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his man beyond the range of the preacher's voice, leading him utterly to despise Christ's royal ordinance of preaching. Which artifice of placing the soul, as it were, word-proof, he doth exercise in a four-fold way:-1. By deadening the spiritual capacities through much sensual and material and physical studies, or occupations, in which case be presenteth himself as the prince of the kingdoms of the natural world, and overchargeth the carnal man with such a surfeit of care and conceit, that it never dreameth it hath a spirit to be spoken to. This is the drugging of the soul under which our self-sufficient, God-despising infidels labour.2. When these doses of outward knowledge and pleasure will not keep his man from looking homeward, he artfully insinuateth flatteries of his excellent parts of nature; as his honesty, moral worth, and excellent character, and slily converting himself into an angel of light, doth find texts of Scripture to commend the same, and he presenteth to him the law as the rule of a good life, and turneth the Gospel creed into a make-weight to balance the unequal scale of his merits, and so juggles the great body of professing Christians out of their faith, and maketh them deaf to the word of Gospel-preaching.–3. With whom this natural Christianity will not answer his end, he dealeth by Sectarianism, to enamour them of some favourite doctrine, theme, and manner of preaching, with which he sleekly serveth their selfishness, until he hath got them blown into the big and swollen churchman, or shrivelled up within the light purse-strings of the sect or conventicle, whom then he rideth with an easy bridle; and they would say of Christ himself, if he were preaching to,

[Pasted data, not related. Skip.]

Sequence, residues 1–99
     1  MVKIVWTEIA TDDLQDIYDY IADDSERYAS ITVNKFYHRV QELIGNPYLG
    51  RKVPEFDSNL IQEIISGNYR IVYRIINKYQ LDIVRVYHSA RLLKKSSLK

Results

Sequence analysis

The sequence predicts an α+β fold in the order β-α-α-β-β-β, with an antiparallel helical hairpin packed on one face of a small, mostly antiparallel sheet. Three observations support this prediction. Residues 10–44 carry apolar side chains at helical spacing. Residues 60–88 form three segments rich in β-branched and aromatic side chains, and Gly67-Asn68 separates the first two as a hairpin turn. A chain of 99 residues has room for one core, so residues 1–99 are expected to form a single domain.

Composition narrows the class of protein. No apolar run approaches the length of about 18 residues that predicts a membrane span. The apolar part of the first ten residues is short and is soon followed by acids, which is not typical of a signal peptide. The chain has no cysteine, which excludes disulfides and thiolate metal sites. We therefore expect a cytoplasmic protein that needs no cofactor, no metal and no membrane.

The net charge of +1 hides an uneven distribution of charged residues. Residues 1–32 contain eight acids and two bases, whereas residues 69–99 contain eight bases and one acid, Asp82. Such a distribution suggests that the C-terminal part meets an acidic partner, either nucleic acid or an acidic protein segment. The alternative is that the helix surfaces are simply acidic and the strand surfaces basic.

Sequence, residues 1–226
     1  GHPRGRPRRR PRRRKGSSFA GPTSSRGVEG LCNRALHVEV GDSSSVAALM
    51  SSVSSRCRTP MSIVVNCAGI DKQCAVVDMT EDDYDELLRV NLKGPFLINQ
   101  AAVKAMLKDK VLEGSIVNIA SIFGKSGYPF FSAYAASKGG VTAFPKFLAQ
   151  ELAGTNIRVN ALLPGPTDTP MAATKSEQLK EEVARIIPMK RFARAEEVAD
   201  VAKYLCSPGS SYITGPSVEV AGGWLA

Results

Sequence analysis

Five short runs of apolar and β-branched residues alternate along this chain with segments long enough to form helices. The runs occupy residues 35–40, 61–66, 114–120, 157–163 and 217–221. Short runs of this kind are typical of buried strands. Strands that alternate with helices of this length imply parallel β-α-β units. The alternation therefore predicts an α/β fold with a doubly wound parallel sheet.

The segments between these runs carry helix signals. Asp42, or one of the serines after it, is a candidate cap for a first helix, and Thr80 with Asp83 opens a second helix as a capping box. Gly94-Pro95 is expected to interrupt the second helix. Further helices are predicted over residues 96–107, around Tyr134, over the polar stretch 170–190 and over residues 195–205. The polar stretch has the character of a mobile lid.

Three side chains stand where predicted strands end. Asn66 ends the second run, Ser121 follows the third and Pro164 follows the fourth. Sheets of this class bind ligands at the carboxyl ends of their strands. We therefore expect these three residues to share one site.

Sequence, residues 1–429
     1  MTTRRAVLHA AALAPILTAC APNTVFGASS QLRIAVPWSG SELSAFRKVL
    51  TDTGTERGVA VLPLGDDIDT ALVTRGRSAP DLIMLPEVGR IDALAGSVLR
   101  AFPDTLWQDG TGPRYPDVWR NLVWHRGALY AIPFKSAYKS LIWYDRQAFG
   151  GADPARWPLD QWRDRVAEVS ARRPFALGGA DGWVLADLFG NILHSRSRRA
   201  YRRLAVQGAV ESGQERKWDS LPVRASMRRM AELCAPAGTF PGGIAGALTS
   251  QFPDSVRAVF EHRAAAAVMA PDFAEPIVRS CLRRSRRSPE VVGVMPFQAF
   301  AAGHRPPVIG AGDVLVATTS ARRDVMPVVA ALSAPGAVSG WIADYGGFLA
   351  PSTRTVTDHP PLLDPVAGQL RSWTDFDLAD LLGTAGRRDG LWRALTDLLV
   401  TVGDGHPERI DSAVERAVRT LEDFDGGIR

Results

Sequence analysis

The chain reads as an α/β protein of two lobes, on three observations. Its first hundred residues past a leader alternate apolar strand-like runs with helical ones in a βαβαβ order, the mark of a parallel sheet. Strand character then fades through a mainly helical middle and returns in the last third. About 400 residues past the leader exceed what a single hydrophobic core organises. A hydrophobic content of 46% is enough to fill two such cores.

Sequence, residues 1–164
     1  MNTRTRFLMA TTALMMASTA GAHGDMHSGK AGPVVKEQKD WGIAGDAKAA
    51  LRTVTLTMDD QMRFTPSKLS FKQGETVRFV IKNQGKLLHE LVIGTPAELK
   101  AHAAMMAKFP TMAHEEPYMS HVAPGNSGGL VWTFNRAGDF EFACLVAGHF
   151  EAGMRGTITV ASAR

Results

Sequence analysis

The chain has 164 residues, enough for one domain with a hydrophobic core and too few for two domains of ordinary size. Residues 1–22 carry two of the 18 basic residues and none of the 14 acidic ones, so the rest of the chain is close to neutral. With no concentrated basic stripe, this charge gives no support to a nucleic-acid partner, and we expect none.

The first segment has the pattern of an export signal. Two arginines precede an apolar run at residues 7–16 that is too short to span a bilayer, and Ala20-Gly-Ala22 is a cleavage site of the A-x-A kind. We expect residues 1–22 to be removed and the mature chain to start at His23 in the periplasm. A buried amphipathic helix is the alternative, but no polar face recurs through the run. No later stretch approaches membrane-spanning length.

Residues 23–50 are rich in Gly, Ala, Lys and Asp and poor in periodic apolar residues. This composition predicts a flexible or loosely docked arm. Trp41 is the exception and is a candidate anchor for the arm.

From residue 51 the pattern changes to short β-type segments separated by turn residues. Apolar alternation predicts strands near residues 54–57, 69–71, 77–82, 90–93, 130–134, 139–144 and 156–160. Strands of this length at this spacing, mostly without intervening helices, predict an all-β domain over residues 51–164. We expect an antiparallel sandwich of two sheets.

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them, “ Have any of the Pharisees believed on him?

But, brethren, this is not all, as you may well conceive. Satan owes Christ, who came to destroy his works and cast him out of the earth, too great a grudge, to be contented with these three defensive methods of warfare against the word ; and he hath too many zealous servants in the world, not to be able to muster a head and front of direct opposition and hearty warfare against the truth as it is in Jesus; men who shall corrupt it, and reject for false its plainest doctrines, and for truth set forth the most spurious and false corruptions of the Divine testimonies. This I regard as Satan's fourth art to invalidate the word ; and in this day and place he worketh it upon a very large scale. Into which I would now inquire, putting the people upon their guard.

Very early in the Christian church, so early as the time of the Apostles, he wrought the engine of heresy against the truth, as we read of some who brought in “ damnable heresies,” to meet which the Apostles and their descendants in the church were wont to set down a form of words, containing the very truth; of which John hath given one in his First Epistle: “ Hereby know ye the Spirit of God. Every spirit that confesseth that Jesus Christ is come in the flesh, is of God.” According as new heresies arose by the craft of Satan, clauses were added to the creed, and it grew at length to that symbol of faith which is commonly called the Apostles' Creed. In process of time, when that heresy of heresies, the Arian heresy, which striketh at the root by denying our Lord's Divinity, overspread the west, and carried every

thing like a tide through the sweeping violence of the barbarous nations, the Lord interposed for his church; and the Nicene Creed was drawn up, embodying the orthodox opinion of the church in respect to that question, and at the same time the Athanasian Creed came into being, Athanasius being the great opposer of Arius. Thus the body of orthodox doctrine acquired greater dilatation, and distinctness in proportion to the variety of heresies which were broached. Especially in defence against the Pelagian heresy, which was the Arminianism of those early ages. By and bye, when the mystery of iniquity began to manifest itself in the church, and Satan to obtain the supremacy of the church, he proceeded to disguise orthodoxy under such deep veils that the truth became utterly hidden, and the falsehood which was presented before the scenes possessed the faith of all, or almost all. When the Reformers arose in the spirit of primitive times, with more than primitive intellect, to enable them to combat with the growing intellect of man, and with great care and patience embodied the orthodox doctrine of the church of Christ in various forms, of which I lately read the Twentysix Articles of the Fathers of our Church in the hearing of